I was using a two-stage water purification system on this hike, using Katadyn Chlorine Dioxide tablets with a 30-minute exposure time and an Aquamira Frontier Pro screw-on water filter, to filter out Cryptosporidium cysts. The Frontier Pro has a mouthpiece that you suck on to pull water through. It’s not a bad system and has been growing on me during my last two backpacking trips. I was also testing a water straw on this hike that has a built-in purifier (not just a filter) from It’s got a great form factor and I’ll post a review about it next week. It has strengths and weaknesses, like everything else.

After refilling my water, I continued down the Cabot trail which was quite slippery. I think my Terroc treads have finally worn down after about 350-400 miles of hiking and need to be replaced. They’re really grippy when they’re new, but I was sliding all over the rocks on the descent.

As I descended, the wind started to die down and blow itself out. I arrived at the Bunnell Notch Trail junction after an hour and continued along the Kilkenny, instead of turning down the Notch Trail, which I had hiked up the day before. This was a section of the Kilkenny that I’d never been on and it was much harder than anything I’d experienced the previous day.

The Kilkenny-Bunnel trail junction is at an elevation of 900 meters. From there, I had to climb two unnamed peaks, and one named Terrace Mountain (3,655 ft), over the next 3 miles. That shouldn’t have been hard, but trail conditions in this section were frightful and I spent a good part of the time bushwhacking around blowdowns and searching for the trail amidst masses of ferns. My pace actually slowed down to 1 mile an hour during this section. That’s really slow.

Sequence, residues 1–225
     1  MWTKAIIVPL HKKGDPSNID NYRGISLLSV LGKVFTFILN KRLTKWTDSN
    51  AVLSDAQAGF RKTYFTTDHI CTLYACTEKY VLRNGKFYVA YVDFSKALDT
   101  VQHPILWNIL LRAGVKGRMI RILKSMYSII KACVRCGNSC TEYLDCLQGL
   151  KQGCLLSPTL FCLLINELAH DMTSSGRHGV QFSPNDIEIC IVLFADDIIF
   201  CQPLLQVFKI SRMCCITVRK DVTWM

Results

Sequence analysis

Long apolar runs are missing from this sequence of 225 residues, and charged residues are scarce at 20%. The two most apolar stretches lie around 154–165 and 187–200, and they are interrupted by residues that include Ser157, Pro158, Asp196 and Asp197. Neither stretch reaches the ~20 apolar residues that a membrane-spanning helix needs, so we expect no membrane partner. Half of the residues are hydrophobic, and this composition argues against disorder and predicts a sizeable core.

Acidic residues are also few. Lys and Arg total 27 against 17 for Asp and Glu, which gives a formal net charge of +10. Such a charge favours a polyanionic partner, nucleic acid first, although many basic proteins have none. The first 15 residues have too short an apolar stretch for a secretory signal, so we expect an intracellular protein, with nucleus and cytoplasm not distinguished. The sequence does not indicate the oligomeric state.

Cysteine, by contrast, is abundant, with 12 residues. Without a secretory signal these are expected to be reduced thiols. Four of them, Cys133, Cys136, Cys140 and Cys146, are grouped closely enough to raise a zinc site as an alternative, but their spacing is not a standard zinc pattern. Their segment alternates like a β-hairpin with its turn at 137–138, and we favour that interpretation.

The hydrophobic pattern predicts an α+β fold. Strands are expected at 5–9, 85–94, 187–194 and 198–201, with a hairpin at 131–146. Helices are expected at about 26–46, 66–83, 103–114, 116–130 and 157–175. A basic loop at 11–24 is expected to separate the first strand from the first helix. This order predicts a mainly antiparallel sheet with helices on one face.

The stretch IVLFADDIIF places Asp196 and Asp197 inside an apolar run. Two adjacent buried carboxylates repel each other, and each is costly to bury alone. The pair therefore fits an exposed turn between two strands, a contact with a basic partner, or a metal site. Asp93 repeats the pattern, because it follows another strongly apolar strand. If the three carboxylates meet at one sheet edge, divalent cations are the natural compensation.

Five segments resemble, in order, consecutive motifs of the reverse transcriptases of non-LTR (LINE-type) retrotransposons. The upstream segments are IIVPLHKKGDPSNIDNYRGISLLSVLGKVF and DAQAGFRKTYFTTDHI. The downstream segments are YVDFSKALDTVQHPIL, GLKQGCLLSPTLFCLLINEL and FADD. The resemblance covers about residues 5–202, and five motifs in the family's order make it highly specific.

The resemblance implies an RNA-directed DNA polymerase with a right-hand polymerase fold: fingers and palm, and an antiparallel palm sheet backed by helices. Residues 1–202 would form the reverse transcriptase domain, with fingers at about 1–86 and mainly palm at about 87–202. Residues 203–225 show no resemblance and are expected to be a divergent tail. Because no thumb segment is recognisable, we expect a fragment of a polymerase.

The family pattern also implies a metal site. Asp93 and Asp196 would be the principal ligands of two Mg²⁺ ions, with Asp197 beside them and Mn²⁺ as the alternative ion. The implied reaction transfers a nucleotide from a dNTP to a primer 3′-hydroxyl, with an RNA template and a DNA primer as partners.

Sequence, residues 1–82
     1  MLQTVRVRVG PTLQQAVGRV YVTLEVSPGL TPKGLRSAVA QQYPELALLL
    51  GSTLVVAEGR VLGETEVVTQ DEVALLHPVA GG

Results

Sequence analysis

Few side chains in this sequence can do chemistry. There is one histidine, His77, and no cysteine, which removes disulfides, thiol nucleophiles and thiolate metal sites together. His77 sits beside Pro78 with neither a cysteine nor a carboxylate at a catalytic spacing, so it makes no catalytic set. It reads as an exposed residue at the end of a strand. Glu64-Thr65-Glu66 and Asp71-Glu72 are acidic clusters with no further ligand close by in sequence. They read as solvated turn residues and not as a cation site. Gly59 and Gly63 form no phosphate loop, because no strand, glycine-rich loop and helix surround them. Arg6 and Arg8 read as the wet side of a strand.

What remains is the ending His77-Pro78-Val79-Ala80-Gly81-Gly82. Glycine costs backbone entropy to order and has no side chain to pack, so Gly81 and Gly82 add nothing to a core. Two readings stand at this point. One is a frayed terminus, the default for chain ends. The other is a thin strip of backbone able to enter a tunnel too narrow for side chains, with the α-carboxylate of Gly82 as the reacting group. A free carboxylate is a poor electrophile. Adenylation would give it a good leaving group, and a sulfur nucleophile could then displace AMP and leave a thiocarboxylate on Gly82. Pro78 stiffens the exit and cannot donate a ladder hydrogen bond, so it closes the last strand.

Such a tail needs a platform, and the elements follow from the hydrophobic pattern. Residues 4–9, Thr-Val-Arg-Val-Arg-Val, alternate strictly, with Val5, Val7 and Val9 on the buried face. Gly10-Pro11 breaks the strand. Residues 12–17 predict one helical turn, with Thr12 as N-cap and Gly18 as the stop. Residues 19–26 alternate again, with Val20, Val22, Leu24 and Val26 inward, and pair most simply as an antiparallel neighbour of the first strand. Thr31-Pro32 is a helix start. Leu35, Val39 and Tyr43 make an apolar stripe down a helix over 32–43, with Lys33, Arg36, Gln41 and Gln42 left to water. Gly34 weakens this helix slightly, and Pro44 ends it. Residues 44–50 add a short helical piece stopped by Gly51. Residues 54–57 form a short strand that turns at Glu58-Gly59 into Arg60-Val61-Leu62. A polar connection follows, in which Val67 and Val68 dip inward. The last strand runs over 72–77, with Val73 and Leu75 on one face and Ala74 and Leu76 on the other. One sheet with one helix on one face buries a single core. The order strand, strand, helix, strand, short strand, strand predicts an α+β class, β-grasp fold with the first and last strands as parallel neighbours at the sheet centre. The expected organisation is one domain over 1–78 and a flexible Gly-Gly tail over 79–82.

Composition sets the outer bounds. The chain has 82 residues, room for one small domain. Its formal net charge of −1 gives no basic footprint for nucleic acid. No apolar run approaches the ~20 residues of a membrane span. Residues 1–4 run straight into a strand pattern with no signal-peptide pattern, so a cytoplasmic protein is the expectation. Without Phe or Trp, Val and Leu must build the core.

The trail was littered with lots of hidden boulders and I had a scare at one point when I turned an ankle hard on a misstep. I was in the middle of nowhere, SPOT, or not, and it could take someone a full day to get to me. Luckily, it wasn’t as bad as it felt immediately and I kept going. I figured, if it’s going to swell up, I might as well walk as far as I can before I have to stop.

I finally came to the trail junction with the York Trail, that I’d passed the previous day. From this point, it was 10 miles back to my car, back over North, Middle, and South Weeks, and Waumbeck and Starr King Mountains. After the previous section, this stretch didn’t seem as hard as it had been the previous day. Despite some steep climbs, I made good time and ate up the remaining miles in 7 hours.

As I started descending Mt. Starr King, however, I had a very strange experience. I couldn’t remember anything about the final 2.6 miles of this hike, even though I’d climbed it the previous day. Nothing seemed familiar. It was really unsettling because I have a really good memory for such things.

I made it back to my car by 5 pm and was relieved to get off the Kilkenny in one piece. I had experienced a physically challenging hike including a high level of fear and self-doubt. The terrain had really taken me for a loop, but I had made it out in one piece, which was satisfying.

This is the kind of experience that solo backpackers must contend with from time to time, but there are great rewards in knowing that you have the skills and stamina to handle whatever the trail throws at you and get through it.

About the author